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Patients and Parents Impacted by SMA May Be Optimistic About Prenatal Testing, Therapies


As the feasibility of phase 1 clinical trials for prenatal spinal muscular atrophy (SMA) therapies is explored, patient and parent input on prenatal testing and possibly treatment is a valuable tool for guiding research discussions.

Rapid diagnosis and treatment are crucial for infants affected by spinal muscular atrophy (SMA), and with the advent of genetic testing, neonatal and even prenatal diagnosis has become possible. Parent and patient perspectives are important as prenatal diagnosis and treatment become increasingly feasible, and a recent study published in Prenatal Diagnosis found that many parents and adult patients affected by SMA view fetal testing and therapies in a positive light.

SMA is a rare genetic neurodegenerative disorder caused by mutations of the survival motor neuron 1 (SMN1)gene that inhibit SMN protein production. This leads to varying degrees of muscle weakness and atrophy, with symptoms of the most severe form of SMA, type 0, manifesting before birth.

Patients with type 0 SMA typically do not survive longer than 1 month after birth. Infants with type 1 SMA, which affects approximately 50% of SMA patients overall, typically show signs prior to 6 months of age and do not survive longer than 2 years. Patients with SMA type 2 typically survive into adulthood but are never ambulatory; those with type 3 show symptoms after 18 months and may walk independently but eventually require a wheelchair; and those with type 4 SMA develop proximal weakness in adulthood but remain ambulatory.

In recent years, several therapy options that can improve survival, reduce the need for ventilation, and facilitate better motor function and milestones for patients with SMA have become available. But these treatments hinge on early initiation to inhibit irreversible motor neuron damage and deliver maximal benefits. Therefore, diagnosing the most severe forms at birth or even prior to birth could improve outcomes for patients.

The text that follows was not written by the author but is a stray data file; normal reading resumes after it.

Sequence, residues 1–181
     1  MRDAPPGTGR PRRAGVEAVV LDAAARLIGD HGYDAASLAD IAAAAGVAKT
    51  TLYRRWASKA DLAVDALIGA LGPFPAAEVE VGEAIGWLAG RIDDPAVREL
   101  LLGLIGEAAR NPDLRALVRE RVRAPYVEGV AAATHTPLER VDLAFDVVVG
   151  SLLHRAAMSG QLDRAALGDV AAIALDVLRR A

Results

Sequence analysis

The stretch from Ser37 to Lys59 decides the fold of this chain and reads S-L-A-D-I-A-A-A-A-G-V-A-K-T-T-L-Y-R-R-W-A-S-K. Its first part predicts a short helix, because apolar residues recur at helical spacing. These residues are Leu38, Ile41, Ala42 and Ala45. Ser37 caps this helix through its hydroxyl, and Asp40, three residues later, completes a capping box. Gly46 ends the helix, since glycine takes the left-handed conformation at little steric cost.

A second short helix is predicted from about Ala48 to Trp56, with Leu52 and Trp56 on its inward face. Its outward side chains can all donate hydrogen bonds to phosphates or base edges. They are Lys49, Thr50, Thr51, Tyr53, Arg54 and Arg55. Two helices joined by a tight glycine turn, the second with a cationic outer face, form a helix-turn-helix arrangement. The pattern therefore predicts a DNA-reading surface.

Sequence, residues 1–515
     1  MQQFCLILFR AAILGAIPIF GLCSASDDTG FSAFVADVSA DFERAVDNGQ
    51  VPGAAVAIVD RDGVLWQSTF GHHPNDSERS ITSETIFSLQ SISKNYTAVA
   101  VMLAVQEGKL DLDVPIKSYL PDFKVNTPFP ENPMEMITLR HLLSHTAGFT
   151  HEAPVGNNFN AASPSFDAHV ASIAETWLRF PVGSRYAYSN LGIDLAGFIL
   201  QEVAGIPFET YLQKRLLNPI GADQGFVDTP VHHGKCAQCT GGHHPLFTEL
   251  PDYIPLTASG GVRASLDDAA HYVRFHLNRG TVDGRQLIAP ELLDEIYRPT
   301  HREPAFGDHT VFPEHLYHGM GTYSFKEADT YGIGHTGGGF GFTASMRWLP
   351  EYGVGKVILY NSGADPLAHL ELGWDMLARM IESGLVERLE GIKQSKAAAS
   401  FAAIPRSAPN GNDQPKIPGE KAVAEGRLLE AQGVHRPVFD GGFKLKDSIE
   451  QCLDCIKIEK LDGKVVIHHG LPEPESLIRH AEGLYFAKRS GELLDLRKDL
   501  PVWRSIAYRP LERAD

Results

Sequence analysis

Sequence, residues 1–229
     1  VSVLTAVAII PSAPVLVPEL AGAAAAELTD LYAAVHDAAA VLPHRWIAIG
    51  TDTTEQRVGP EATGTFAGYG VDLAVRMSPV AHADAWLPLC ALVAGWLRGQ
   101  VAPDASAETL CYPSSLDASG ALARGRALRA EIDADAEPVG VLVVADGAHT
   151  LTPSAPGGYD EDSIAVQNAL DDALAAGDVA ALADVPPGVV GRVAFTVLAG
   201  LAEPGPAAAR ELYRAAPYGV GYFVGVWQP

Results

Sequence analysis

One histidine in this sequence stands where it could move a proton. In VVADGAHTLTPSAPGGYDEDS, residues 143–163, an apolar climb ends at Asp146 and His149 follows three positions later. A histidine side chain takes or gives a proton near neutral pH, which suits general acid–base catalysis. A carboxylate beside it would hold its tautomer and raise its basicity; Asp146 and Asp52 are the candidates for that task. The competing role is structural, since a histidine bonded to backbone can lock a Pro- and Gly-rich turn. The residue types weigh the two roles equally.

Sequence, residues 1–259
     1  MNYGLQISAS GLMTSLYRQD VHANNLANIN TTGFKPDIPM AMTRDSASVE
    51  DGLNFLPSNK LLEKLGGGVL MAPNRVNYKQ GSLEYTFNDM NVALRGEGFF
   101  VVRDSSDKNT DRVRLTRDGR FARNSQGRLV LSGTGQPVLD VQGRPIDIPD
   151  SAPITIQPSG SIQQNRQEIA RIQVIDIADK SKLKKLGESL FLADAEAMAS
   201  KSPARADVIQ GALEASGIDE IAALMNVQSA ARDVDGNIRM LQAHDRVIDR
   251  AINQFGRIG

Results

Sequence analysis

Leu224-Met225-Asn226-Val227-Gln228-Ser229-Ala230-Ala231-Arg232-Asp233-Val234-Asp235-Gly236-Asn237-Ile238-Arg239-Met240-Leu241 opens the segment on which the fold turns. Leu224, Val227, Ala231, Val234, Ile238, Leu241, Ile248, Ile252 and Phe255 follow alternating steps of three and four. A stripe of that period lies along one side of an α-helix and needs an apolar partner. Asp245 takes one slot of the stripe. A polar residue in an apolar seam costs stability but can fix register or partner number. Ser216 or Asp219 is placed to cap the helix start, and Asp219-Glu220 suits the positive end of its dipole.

“As the possibility of prenatal therapies emerges, it is also important to assess whether this population’s historical interest in previous novel approaches also portends an interest in prenatal clinical trials,” the authors wrote. “Gathering stakeholder views can help inform conversations with regulatory authorities regarding trials for fetal therapies, and importantly, provide direction for future trials in considering their primary beneficiaries’ priorities and needs.”

The study included 114 participants—46 parents and 68 patients—who filled out a questionnaire designed by a multidisciplinary team and distributed by Care SMA. Most of the respondents were affected by types 2 and 3 SMA, and only 2 parents had received a prenatal diagnosis for their children. The median age at diagnosis was 15 months for patients who were diagnosed after birth. Of the patients, 63.3% received the antisense oligonucleotide nusinersen, 28.3% received gene therapy with zolgensma, and 14.7% received risdiplam or branaplan small molecule therapy.

Of the respondents who were affected by type 0 or 1 SMA, 80% strongly supported fetal testing and diagnosis, compared with 71.4% of respondents affected by SMA type 2 or 3. The majority of patients with SMA type 0 or 1 (77%) felt that their diagnoses were delayed, and 85% of those affected by SMA type 2 or 3 felt there had been a delay in their diagnoses.

Overall, 55% of respondents indicated that they would likely enroll in a phase 1 clinical trial for fetal antisense oligonucleotide therapy. Older respondents and those who felt their diagnosis was delayed were more likely to want to enroll in trials. If fetal antisense oligonucleotide or small molecule treatment becomes an established therapy, 78.9% of respondents would be likely to choose this route. Those who felt their diagnosis was delayed were more likely to choose a fetal therapy once they are established. Where fetal gene therapy is concerned, 61.1% of respondents overall indicated that they would be interested in enrolling in a phase 1 trial.

The survey results suggest that many patients affected by SMA and their parents have a positive attitude toward prenatal testing for SMA, and many would be interested in phase 1 trials of fetal therapies for SMA. This was especially true for respondents affected by more severe phenotypes of SMA. Respondents were even more likely to be interested if the therapies in question become established courses of treatment.

As the feasibility of phase 1 clinical trials for prenatal SMA therapies is explored, patient and parent input on relevant hypothetical situations is a valuable tool for guiding discussions. This is the first stakeholder survey involving prenatal SMA testing and therapy to the authors’ knowledge, and the results provide insight into how those most affected by SMA view fetal testing and potential prenatal therapies for SMA. In the future, further research can help determine the social factors that play into patients’ views on prenatal testing, trials, and therapies.


Schwab ME, Shao S, Zhang L, et al. Investigating attitudes towards prenatal diagnosis and fetal therapy for spinal muscular atrophy (SMA). Prenat Diagn. Published online August 27, 2022. doi:10.1002/pd.6228

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